I learned about odds in a college statistics class. I learned that odds are the chance of one particular thing occurring out all possible chances. For example, since there are six sides on a die, the odds of rolling a three are one in six (16%). Since there are four suits in a deck of cards, the odds of drawing a heart are one in four (25%).
Recently I left a situation wondering, “What are the odds?” when I had several random occurrences unexpectedly. Occurrence number one: I found myself at an “entertainment” establishment where I had not been in years. Occurrence number two: While there, I ran into a friend who has been living in Pennsylvania for 20 years and this was her first time there! Occurrence number three: It was September 11! Now, each of these occurrences could be coincidence, right?
Yet, what are the odds that on that particular night, I went to that particular place? I’d say that’s 1 out of 365 since there are 365 days in a year (not counting Leap Year.) The same odds apply to the date being September 11, 1 out of 365. Additionally, since the place opened sixteen years ago, and this was my friend’s first visit, it means one out of 5,840 (sixteen years times 365.)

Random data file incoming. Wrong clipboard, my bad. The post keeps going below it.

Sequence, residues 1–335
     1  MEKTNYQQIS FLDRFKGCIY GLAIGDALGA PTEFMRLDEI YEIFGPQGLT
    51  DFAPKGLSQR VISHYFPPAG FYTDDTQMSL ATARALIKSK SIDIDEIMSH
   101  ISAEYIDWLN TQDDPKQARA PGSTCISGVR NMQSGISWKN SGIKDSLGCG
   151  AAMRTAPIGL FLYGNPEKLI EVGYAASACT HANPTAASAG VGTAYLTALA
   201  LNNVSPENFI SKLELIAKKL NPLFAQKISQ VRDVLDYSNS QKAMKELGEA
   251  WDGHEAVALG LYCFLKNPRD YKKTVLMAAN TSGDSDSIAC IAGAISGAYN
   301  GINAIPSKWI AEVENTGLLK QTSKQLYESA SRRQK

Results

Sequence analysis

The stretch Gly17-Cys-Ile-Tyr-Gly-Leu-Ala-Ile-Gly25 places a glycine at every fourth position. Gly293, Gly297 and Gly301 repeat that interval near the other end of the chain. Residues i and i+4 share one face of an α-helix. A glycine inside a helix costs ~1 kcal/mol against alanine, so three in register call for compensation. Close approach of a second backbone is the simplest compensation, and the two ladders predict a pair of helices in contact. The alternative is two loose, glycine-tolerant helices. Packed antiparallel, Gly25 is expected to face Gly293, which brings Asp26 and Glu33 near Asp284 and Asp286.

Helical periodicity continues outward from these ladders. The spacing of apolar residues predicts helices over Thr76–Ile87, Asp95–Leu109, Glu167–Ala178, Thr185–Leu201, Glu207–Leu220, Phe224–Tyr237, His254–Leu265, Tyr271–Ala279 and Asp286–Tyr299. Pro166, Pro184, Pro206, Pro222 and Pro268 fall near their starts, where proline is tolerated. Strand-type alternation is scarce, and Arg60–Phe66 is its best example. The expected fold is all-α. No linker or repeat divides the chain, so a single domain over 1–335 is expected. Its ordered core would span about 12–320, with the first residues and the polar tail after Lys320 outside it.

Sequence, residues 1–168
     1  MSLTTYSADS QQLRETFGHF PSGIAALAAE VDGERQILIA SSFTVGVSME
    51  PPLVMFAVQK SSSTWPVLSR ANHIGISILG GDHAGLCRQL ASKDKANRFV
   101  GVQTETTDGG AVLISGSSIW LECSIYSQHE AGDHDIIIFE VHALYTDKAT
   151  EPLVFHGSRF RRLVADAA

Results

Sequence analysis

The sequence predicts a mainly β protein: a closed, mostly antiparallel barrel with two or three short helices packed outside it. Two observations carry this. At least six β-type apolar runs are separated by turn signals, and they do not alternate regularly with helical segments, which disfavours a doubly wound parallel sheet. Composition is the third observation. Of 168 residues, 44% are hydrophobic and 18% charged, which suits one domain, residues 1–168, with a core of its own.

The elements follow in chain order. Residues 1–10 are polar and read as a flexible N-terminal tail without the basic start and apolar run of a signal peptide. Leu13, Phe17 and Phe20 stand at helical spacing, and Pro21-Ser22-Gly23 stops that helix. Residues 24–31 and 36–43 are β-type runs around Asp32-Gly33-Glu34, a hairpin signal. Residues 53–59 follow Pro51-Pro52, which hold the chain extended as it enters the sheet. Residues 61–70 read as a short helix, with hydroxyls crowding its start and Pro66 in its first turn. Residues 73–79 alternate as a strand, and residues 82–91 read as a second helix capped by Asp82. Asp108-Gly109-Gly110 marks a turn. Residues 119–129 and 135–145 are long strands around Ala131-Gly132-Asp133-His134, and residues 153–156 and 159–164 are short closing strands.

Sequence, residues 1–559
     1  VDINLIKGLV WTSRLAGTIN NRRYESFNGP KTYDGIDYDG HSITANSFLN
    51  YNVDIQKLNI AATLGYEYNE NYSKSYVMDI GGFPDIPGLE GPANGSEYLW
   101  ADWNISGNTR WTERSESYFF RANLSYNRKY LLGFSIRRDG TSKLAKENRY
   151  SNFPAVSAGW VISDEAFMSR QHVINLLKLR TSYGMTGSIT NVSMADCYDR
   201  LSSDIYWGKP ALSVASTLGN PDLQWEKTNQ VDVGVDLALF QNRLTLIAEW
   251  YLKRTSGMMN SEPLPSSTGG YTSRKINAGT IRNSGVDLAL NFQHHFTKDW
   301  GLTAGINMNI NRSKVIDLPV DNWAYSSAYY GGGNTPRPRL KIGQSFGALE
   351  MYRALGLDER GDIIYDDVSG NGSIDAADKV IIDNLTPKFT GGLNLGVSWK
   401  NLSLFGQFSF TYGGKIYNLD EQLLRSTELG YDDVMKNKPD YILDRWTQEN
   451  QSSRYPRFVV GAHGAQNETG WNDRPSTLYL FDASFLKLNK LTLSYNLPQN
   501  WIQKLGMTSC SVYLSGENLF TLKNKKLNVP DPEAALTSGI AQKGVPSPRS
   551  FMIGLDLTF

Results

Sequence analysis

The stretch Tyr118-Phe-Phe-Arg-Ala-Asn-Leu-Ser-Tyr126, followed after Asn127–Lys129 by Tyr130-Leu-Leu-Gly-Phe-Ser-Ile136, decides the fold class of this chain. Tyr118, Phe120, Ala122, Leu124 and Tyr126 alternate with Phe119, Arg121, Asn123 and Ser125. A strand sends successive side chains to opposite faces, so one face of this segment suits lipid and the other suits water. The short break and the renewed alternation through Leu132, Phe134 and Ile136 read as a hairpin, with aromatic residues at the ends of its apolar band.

Furthermore, if you add each odd together, the combined odds for those situations are three out of a possible 6,570 chances (one plus one plus one, and 5,840 plus 365 plus 365). What are the odds? I’ll tell you! It’s only .0004 percent.
Were we meant to see each other? After all, it had been years since we last visited. Isn’t the new meaning of September 11 remembrance? Coincidence you say. I say fate, because would you bet if the odds were only .0004 percent of something happening?
Now, you may be wondering, “What do odds have to do with writing?” Well, we increase our odds of being published each time we submit a piece. On the other hand, we have absolutely no chance when we sit and wonder and leave the piece alone in a notebook or in a computer file.
Our pieces cry out to be published! They are begging to be read! Wait, don’t you hear them? I hear them. They are yelling out like crackling thunder, “Read me! Read me!” Therefore, the point of this is to motivate and encourage you to not only be active in your reading and writing, but also to be active in your submissions. Let your words breathe, let them live, set them free and allow them to be read (and not only by you and your family)!
Don’t smother and hide your stories, your poetry, your essays, or your ideas. Take control. Steer them, mold them, nurture them, and love them! We wouldn’t keep our children hidden from the world would we? Why do we do it to our writing? Don’t be the one to wonder “what if?”
Sherry Perkins has been published in magazines and newspapers across the state of Louisiana. Her article, Liberty, won Honorable Mention in the BWG Members Only contest. Sherry loves speaking to people, organizing, being supportive of others, and working hard. She recently tossed her hat in the ring for president of BWG.